If the referendum had been fought on the basis of truth rather than blatant lies, then it would have been genuinely democratic, and no one could argue with the result. But instead it was based on blatant lies, and morally that absolutely calls into question the entire validity of the referendum.

      Nevertheless, I do accept that a (slim) majority of people did vote to leave the EU in order to regain control over immigration, but this was on the basis that:

      a. this was the only way of achieving it; and

      b. we would still be in the single market and would not have the negative economic consequences of having to leave it.

      So, to now generalise the referendum as being a mandate to leave the single market is a travesty of democracy.

      If the government was now pursuing a course that matched the promises (i.e. that kept us in the single market whilst restricting free movement, and which gave us £350m per week for the NHS), then I would have no argument that the referendum was completely valid.

      Alternatively, if the referendum vote had been 90% Leave / 10% Remain, you could argue that the strength of feeling was sufficient to justify a wider mandate than that promised by the Leave campaign because it would be unlikely that the result would have been different if everyone had told the truth.

      On the other hand, if the Leave campaign had been truthful and said that if we leave the EU we will have to leave the single market AND the customs union – and oh and there won’t be £350m per week for the NHS, but instead we will have to pay the EU (say) £60bn in money we owe – and the result had STILL been a vote to Leave, then again the referendum would have been completely valid.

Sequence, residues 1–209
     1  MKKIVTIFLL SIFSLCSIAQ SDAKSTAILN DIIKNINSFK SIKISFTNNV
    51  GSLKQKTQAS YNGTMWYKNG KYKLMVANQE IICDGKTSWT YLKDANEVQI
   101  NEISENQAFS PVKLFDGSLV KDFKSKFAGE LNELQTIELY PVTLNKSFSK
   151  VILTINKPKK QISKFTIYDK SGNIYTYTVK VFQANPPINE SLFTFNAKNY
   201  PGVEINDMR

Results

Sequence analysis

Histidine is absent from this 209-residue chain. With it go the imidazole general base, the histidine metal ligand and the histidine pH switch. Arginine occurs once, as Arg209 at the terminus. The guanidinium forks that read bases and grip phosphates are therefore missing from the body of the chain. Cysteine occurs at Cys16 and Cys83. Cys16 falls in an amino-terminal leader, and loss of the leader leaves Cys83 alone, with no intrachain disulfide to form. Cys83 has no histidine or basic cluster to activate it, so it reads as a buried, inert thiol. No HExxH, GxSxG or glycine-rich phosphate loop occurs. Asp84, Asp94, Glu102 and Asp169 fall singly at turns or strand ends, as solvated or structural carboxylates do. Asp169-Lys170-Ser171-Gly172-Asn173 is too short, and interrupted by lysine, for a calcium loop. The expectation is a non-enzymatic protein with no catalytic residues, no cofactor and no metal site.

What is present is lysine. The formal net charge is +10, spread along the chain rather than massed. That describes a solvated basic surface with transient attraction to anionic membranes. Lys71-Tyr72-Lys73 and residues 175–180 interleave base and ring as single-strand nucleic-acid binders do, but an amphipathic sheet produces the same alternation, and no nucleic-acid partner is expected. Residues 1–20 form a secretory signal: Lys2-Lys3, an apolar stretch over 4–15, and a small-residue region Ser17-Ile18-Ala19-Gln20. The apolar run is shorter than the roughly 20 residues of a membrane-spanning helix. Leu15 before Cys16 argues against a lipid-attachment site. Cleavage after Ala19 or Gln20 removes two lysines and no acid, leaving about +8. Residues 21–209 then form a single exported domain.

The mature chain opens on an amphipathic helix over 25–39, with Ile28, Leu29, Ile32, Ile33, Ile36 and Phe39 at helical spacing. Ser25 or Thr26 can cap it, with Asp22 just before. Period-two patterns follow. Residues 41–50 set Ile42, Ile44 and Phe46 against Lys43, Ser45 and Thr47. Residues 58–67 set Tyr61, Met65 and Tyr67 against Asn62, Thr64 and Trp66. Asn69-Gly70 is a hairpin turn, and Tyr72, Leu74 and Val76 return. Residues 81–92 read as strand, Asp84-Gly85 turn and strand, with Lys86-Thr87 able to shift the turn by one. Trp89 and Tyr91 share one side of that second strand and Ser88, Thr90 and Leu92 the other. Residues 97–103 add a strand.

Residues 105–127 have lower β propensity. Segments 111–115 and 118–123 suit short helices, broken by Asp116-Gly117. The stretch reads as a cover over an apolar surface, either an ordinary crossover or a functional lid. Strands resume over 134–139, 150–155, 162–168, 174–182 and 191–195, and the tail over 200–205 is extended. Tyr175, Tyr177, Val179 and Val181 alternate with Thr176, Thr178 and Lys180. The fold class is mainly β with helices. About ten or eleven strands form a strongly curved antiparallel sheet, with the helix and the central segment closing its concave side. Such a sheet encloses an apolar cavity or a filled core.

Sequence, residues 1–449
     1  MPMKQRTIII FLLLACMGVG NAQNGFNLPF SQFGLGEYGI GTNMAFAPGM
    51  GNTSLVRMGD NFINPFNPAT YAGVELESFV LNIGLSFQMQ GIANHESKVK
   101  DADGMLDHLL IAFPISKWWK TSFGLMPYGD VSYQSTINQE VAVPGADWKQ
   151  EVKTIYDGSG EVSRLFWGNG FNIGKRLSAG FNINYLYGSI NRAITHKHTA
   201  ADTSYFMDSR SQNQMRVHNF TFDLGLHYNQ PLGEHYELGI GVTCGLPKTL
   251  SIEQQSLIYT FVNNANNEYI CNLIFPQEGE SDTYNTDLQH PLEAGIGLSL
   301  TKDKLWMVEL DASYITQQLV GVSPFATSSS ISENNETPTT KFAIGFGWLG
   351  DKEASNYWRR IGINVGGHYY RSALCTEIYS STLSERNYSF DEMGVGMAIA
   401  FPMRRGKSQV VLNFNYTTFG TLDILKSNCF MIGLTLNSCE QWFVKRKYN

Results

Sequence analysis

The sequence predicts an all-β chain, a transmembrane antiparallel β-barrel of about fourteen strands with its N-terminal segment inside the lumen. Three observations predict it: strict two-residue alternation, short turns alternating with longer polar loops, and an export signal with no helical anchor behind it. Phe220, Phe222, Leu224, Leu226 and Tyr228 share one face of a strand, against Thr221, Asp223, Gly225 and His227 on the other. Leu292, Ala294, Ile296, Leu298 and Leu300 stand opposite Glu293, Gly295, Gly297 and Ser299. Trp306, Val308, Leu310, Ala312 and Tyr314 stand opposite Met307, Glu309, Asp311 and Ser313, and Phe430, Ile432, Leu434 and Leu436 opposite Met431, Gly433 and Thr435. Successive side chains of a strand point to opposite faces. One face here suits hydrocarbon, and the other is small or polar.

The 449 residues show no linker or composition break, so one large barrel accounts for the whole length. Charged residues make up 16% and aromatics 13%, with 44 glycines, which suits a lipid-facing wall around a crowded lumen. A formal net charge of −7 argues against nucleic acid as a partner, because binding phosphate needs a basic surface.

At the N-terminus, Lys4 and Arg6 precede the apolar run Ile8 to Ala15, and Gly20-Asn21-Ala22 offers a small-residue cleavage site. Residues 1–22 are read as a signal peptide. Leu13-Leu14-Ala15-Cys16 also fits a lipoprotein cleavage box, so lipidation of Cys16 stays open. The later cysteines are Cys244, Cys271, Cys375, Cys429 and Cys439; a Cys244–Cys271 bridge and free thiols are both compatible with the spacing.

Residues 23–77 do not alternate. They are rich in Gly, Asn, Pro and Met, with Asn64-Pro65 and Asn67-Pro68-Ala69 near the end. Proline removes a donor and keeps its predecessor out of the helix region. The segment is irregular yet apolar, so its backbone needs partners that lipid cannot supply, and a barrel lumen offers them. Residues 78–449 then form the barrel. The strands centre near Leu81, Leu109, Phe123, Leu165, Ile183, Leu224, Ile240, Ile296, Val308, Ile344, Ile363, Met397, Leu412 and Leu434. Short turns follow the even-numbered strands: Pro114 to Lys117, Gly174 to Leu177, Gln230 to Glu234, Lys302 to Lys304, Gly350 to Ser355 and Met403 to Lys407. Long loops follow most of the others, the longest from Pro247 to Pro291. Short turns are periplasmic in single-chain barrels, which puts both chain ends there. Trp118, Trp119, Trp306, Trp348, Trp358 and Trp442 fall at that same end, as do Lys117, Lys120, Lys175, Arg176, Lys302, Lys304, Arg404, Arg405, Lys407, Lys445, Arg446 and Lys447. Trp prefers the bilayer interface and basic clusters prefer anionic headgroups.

But they didn’t – instead the politicians lied through their teeth about staying in the single market in order to con people into voting. The vote was 52% to 48% so it would only need 2% to have voted differently for the result to be different. Of course we don’t know for certain what the result would have been if the arguments had been truthful – but given the slim majority it seems highly likely that it would have been different.

      So, Roland, you tell me which of the following is more democratic:

      a. Using a referendum result based on blatant lies to justify action that is the opposite of what was promised, and to refuse to let the people have another say now that the truth has come out?; or

      b. To allow the people to make a better informed decision on what is best for them and the UK now that the consequences are clearer?

      And Roland, you tell me who is more “arrogant and condescending”:

      a. Someone who insists that a vote based on lies and deceptions should stand simply because it fits with their own dogma on what they would like to see happen?; or

      b. Someone who is objecting, not on dogma, but because the referendum process was fundamentally flawed because of the blatant lies told by politicians?


      • P.S. Roland, I would also point out that you have just said that you voted for being in the single market AND for freedom of movement – for that is what voting for the “common market” actually meant. The “federal europe” happened afterwards in the Maastricht Treaty of 1992, which was responsible for creating the Euro (which we opted out of anyway), and it should be noted that our membership of the EU resulted in the Maastricht Treaty being substantially watered down in terms of its move to a Federal Europe covering foreign policy, defense, criminal justice and cooperation in civil matters (see

        Indeed the Brexit referendum was fought almost entirely on issues relating to our original membership of the Common Market, and only peripherally on questions related to a “Federal Europe”.